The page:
My field assistant and I were very pleased with what we found. Though these boulders were not in situ, I suspect they are from the Conococheague Formation, which exhibits similar lime/dolostone interlayering. And that does crop out nearby.
My field assistant reminded me it was time to go cheer on mommy as she ran past mile marker 5, so we skeedaddled, right after I made him pose for one more shot…
2 May 2013
After our jaunt down in Staunton and Waynesboro, Lily and I headed north through the Shenandoah Valley, and tried a new winery. This has been a thing we’ve been doing lately – visiting various Virginia wineries and thinking about their geology while sampling their wares. This time, we went to Cave Ridge Vineyard, which is located just east of Little North Mountain, on Cave Ridge, a topographic high held up by the dolomitic Beekmantown Formation. When they were digging the foundations for the tasting room building, they uncovered lots of fossils, one of which stays in the tasting room for guests to view:
That’s a coiled nautiloid (note the smooth, gently curved septa that subdivide the shell into chambers). Unfortunately, VirginiaWine.org incorrectly identifies this as an ammonite, which shows they need a geological consultant familiar with the ranges of local fossil species. (Ammonites are limited to the Mesozoic, and these rocks are early Paleozoic in age.)
Here’s a second photo, sans flash, and with the scale pencil instead of fingers for scale:
Here is a geologic map of the area, modified from Young and Rader (1974):
Because the Beekmantown is dolomitic, it weathers more slowly than do the limestones which are stratigraphically above (southeast) and below it (northwest). There were big chunks of holey dolostone ringing the trees in the Cave Ridge Vineyard parking lot, and if you visit, you can search them for fossils. I didn’t find any myself.
This lovely beast graces the label of one of their red wines, the Fossil Hill reserve, a blend of Cabernet Franc, Chambourcin, and Petite Verdot. While we liked that wine, the one that really impressed us was Cave Ridge’s Traminette. We got a bottle of that, and enjoyed a glass in the sun, with our baby crawling around and being very inquisitive and cute. The traminette wasn’t named for a fossil, but that’s okay. It was delicious and had a lovely floral aroma.
My visit to Cave Ridge was “field work” for a new Smithsonian Associates class that I will be running this fall on the geology of Virginia wine country. While the geological tie-ins of Cave Ridge are superb, I think its location is probably a bit far for a one-day tour that originates (and must return to) Washington, DC.
Young, R.S., and Rader, E.K., 1974, Geology of the Woodstock, Wolf Gap, Conicville and Edinburg quadrangles, Virginia: Virginia Division of Mineral Resources, Report of Investigations 35, scale 1:24,000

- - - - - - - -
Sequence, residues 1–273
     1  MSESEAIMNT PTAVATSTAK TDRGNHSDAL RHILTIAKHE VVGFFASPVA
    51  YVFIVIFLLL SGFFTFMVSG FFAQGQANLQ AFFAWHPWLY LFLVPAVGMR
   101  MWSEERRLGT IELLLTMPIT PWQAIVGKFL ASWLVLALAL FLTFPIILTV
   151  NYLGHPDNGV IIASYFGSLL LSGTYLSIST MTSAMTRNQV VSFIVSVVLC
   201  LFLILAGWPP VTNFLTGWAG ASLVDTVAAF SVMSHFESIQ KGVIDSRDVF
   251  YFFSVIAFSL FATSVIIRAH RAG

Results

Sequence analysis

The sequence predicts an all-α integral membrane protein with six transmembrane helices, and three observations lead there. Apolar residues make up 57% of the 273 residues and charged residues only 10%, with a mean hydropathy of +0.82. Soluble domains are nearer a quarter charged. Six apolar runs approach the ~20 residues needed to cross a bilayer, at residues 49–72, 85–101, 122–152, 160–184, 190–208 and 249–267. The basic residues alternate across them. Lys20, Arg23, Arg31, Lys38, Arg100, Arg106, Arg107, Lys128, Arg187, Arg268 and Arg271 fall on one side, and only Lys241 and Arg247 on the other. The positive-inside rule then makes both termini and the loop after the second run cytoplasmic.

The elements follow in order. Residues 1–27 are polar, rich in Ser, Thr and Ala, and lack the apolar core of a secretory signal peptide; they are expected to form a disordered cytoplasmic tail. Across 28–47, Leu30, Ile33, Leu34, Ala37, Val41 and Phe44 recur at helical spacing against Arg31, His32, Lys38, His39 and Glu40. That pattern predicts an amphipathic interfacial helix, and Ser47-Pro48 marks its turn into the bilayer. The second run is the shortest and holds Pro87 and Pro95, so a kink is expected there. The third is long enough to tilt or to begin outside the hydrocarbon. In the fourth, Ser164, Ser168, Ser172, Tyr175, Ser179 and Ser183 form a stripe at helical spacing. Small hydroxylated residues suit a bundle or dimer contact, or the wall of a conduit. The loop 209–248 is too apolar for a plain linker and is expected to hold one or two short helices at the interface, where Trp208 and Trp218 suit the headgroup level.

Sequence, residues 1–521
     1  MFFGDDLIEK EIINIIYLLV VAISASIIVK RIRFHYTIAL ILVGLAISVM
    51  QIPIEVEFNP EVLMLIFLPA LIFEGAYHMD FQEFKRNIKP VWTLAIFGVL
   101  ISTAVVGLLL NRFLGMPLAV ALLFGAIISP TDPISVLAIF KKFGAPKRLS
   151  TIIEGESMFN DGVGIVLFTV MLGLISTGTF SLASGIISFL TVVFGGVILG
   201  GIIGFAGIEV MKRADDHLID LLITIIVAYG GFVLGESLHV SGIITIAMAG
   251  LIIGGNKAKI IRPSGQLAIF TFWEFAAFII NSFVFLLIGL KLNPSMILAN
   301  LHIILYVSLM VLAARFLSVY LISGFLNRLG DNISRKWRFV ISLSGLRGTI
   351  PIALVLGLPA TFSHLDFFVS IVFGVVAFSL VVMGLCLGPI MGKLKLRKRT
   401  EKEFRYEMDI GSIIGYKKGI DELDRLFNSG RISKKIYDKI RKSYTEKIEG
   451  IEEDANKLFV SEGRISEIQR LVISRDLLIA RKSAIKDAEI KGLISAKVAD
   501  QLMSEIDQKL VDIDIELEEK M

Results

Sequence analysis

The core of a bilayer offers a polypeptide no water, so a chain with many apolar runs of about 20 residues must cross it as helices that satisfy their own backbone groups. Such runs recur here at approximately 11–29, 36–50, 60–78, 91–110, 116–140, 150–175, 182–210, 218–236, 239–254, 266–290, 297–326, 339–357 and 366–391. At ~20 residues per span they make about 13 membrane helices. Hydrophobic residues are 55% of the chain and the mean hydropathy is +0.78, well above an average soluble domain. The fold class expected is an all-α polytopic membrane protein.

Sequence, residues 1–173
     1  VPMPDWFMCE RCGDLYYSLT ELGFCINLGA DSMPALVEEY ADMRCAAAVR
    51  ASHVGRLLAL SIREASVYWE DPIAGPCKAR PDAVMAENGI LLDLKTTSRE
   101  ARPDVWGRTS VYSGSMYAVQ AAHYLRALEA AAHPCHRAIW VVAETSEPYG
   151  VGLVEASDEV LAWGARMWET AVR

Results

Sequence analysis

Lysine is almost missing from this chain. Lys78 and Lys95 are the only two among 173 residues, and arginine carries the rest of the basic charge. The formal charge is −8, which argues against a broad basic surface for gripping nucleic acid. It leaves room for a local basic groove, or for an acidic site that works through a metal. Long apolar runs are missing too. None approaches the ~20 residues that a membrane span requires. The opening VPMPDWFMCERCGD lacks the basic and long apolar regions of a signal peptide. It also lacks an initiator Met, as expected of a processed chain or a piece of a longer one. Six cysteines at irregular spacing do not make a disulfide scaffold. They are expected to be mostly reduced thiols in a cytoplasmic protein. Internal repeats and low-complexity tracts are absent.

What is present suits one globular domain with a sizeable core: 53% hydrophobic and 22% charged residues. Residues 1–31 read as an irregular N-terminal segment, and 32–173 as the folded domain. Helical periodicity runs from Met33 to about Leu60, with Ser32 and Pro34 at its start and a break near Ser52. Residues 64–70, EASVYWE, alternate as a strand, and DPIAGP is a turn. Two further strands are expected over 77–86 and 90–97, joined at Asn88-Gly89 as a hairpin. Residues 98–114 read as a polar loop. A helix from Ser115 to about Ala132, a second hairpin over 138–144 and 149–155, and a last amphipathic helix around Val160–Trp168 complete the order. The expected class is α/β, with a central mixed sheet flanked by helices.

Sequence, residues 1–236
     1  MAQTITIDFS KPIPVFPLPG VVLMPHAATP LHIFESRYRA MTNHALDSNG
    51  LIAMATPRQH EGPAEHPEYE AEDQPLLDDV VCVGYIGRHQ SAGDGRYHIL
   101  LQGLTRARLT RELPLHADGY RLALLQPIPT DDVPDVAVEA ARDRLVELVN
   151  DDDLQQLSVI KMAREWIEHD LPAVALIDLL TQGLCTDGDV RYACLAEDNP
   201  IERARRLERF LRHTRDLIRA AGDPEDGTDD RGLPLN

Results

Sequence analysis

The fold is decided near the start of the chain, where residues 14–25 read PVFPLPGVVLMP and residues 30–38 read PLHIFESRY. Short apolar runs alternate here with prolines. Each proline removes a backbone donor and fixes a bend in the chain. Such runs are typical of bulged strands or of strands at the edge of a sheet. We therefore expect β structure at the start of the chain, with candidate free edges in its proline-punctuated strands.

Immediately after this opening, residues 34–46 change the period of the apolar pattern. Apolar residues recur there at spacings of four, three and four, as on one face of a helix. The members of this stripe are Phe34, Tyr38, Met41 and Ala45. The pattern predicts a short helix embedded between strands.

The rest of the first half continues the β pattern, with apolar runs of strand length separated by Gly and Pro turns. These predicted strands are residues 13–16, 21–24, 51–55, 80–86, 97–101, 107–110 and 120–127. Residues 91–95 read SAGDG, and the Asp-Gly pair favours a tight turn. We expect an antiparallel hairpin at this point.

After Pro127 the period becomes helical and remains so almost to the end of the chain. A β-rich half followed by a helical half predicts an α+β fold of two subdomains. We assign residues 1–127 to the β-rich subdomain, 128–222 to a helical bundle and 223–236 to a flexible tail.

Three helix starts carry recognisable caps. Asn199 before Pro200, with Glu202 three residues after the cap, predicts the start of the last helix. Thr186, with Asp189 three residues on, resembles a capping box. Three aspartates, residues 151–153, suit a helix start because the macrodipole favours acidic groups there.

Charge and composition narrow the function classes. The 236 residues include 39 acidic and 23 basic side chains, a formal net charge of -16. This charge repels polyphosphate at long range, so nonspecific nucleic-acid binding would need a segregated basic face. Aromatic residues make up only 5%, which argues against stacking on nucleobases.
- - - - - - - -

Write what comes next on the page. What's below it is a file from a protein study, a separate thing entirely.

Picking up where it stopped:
1 May 2013
Following a tip from my colleague Pete Berquist (Thomas Nelson Community College), I did some graptolite collecting this weekend. Our family went down to Waynesboro, Virginia, so my wife could run a half-marathon, and on the way back home, we spent some time geolgizing.
One site we visited was Mint Spring, Virginia, in the parking lot of the Days Inn.
Here, at the contact between the Lincolnshire Formation and the overlying Edinburg Formation, there are some papery shales exposed:
They include bulky graptolite fossils preserved as carbon films:
Graptolites were (are?) colonial animals, and each of the little “sawteeth” you see on either side of these long, dark shapes (technically called “stipes”) is a “theca,” a little cup that held a small graptolite animal.
I love the contrast of the dark graptolites against the light-colored background of shale.
My experience with graptolites is limited, but these were easily the best I’ve ever seen.
30 April 2013
Following on yesterday’s post about the kink bands within the strained metagraywacke of the Laurel Formation in DC, let’s take the opportunity today to go to Klingle Valley, site of a different facies within the Laurel Formation: a strained metaconglomerate. Though the exposure isn’t as great as the Purgatory Conglomerate, I think you’ll find plenty to hold your attention in these rocks. Close looks will reveal sericite-after-staurolite pseudomorphs (evidence of retrograde metamorphism) and an intrusion of granite.
29 April 2013
Last week before GSW, I spent several pollen-choked hours in Rock Creek Park, GigaPanning some of the rocks of the Rock Creek Shear Zone. Here are some exposures in the bed of Broad Branch that show lovely kink banding. In at least one spot, you can see a conjugate pair, so these rocks were (1) sheared out in a ductile shear zone, producing the foliation, and then (2) compressed under brittle-ductile conditions parallel to the foliation, which kinked it.
Here’s the site (map modified from a detail of Tony Fleming, Avery Drake, and Lucy McCartan’s 1994 Geologic Map of the Washington West quadrangle:
A few screenshots to whet your appetite:
26 April 2013